- With respect to food and nutritional security, Colombia, like the other countries of Latin America and the Caribbean, shows discouraging figures with respect to the achievement of the goal of zero hunger. The number of undernourished people in the region has been increasing in recent years, with South America being the most affected with 21.4 million (FAO, PAHO, WFP, & UNICEF, 2018). Among the most relevant causes of hunger and malnutrition are the economic contraction, political conflicts in some Latin American and Caribbean countries, natural phenomena, growth in poverty rates and extreme poverty.
- Added to the above is the effect of unhealthy eating patterns that have been occurring in the region for two decades, further undermining the situation among the most disadvantaged territories and populations (FAO, 2019b; FAO et al., 2018). Paradoxically, the map of malnutrition also includes data on overweight and obesity, known as “hidden hunger”. According to the FAO, 104.7 million adults in Latin America are obese, that is, almost one in four adults, and every year there are 3.6 million new obese. In Colombia, 56.6% of men and 61.2% of women are overweight (University of Manizales, 2019).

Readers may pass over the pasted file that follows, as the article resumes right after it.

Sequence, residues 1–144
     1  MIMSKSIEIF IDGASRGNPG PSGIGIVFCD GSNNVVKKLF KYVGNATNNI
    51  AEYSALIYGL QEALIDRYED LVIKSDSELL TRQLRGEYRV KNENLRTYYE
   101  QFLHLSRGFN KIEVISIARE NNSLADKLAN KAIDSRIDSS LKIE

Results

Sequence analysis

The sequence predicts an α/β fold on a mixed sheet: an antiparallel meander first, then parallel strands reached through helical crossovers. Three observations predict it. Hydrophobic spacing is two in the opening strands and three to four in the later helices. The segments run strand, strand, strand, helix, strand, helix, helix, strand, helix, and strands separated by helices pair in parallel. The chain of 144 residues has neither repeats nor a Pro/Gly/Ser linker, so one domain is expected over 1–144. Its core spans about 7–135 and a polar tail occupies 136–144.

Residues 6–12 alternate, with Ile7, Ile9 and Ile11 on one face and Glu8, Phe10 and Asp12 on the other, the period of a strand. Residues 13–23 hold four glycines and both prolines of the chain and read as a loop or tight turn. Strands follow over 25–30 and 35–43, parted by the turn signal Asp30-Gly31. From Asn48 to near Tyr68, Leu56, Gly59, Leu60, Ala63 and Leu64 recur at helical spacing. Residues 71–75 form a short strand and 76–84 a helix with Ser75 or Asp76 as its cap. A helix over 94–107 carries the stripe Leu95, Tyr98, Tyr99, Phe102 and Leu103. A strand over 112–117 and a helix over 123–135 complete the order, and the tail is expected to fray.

- Understanding food systems, their resilience capacity to the climate crisis, and the ability of vulnerable populations to feed themselves is a complex task, and should be situated in an analysis of the surrounding socio-political and natural environments. Food systems and food-related policies in Jordan present a complex case study of how vulnerable populations are to feed themselves in the current political and environmental climate. Because Jordan is a water-scarce country with minimal arable land, and is home to millions of refugees, it is necessary to understand how both Jordanians and refugee populations are to feed themselves as the climate crisis intensifies.